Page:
Amazon's Infrastructure Services Business Continues To Gather Interest

from the cheap-CDs-and-computing-power dept

While Amazon is still best known as a leading internet retailer, it's been increasing its B2B infrastructure offerings, both in terms of web services and also services like storage and fulfillment for other retailers. The situation Amazon faces is that while its revenues are healthy -- $3.02 billion in the first quarter -- its margins are pretty anemic, with it earning just a $111 million profit in the same period. Enter the B2B services, which allow Amazon to make use of the massive infrastructure it needs to have in place to meet peak demands, but which goes unused most of the time. These services carry higher margins, and largely take advantage of the sunk costs of the technology spending needed to support Amazon's business, and now look to hold the key to the company's future growth. One Wall Street analyst says that the digital infrastructure market was worth $196 billion last year, so it's one with a lot of potential for Amazon. Still, it's unlikely that the services business will overtake Amazon's retail business any time soon, and the likely entrance of other players in the market (one that begins with "G" and ends with "oogle", for instance) could have a very disruptive effect -- but it's worth considering Amazon's future as a services provider, rather than just a retailer.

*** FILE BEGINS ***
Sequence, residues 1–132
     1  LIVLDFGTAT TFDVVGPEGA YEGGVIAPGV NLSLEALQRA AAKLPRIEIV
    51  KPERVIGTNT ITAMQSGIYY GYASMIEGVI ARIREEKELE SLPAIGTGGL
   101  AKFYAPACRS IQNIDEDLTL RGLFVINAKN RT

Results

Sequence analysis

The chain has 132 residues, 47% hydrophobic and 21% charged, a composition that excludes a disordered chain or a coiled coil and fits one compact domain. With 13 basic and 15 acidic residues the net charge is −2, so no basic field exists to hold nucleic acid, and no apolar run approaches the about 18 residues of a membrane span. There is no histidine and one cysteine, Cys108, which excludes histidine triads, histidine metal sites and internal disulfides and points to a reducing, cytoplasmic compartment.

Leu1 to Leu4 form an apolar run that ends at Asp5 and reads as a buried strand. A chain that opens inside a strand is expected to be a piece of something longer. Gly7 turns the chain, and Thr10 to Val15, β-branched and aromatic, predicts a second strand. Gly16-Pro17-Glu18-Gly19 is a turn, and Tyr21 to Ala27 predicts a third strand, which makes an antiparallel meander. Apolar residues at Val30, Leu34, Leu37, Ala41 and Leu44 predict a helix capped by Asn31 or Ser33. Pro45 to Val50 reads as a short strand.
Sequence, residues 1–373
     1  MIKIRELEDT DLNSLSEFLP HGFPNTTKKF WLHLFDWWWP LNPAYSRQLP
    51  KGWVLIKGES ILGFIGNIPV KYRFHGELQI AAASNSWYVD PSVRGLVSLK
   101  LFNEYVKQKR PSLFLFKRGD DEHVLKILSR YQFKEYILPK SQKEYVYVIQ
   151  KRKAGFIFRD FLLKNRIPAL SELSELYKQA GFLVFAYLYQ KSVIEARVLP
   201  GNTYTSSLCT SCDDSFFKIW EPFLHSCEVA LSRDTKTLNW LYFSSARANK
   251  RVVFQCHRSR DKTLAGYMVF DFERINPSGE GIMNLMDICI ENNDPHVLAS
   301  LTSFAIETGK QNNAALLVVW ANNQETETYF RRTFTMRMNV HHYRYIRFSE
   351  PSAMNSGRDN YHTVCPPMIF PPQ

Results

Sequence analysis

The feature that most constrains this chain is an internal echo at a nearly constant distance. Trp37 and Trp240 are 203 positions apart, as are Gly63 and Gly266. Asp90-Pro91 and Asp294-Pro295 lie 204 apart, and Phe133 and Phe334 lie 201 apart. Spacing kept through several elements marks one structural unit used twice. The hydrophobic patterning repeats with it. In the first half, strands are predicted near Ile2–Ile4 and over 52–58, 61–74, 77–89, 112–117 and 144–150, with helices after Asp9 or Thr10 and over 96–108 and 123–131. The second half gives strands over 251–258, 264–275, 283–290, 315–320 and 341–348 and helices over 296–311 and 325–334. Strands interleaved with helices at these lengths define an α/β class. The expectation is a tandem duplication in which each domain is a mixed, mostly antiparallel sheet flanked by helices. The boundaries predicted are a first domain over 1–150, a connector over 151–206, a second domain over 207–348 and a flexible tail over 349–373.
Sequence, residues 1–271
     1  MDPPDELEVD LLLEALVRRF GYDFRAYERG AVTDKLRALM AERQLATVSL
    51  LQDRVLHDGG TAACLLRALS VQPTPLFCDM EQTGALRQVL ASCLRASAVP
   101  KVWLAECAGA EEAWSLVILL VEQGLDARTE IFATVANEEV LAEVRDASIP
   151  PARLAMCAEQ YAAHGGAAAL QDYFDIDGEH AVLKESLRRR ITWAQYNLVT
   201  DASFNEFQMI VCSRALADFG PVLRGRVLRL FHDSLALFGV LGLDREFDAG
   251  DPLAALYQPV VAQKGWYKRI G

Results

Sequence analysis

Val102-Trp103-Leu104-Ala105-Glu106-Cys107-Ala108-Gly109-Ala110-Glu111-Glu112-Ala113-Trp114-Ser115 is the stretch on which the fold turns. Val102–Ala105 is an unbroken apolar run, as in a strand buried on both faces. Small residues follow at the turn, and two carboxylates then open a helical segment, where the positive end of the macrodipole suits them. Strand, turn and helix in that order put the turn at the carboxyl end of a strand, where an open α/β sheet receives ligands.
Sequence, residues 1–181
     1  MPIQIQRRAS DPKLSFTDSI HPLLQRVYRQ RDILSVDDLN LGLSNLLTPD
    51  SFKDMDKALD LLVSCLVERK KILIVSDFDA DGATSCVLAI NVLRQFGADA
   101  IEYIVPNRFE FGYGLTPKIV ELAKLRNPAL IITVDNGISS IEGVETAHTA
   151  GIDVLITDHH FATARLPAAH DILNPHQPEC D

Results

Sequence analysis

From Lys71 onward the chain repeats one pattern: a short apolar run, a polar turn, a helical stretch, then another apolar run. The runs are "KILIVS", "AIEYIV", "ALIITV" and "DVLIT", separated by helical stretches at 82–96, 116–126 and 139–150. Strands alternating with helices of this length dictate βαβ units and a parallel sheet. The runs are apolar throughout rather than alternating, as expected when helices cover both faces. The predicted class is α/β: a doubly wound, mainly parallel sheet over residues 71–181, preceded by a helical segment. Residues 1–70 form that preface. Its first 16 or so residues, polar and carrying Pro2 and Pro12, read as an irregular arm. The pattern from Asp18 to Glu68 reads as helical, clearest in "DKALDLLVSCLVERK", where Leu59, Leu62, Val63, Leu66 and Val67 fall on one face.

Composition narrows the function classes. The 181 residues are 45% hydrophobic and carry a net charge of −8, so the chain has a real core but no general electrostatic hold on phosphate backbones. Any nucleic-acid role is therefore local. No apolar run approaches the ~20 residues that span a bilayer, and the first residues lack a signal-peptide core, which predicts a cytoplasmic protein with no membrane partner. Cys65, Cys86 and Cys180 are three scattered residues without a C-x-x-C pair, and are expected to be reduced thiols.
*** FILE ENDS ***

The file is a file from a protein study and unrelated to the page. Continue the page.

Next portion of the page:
Reader Comments (rss)

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  1.  
    identicon
    Beck, Jun 27th, 2007 @ 10:34am

    Off Peak - Peak


    If I am buying their excess capacity then what happens to me during their period of peak demand in December?

    Especially if that happens to be my period of peak demand too?

     

    reply to this | link to this | view in thread ]

  2.  
    identicon
    Anonymous Coward, Jun 27th, 2007 @ 7:46pm

    what happens to you during peak?

    That's why you negotiate service level agreements before signing up.

     

    reply to this | link to this | view in thread ]


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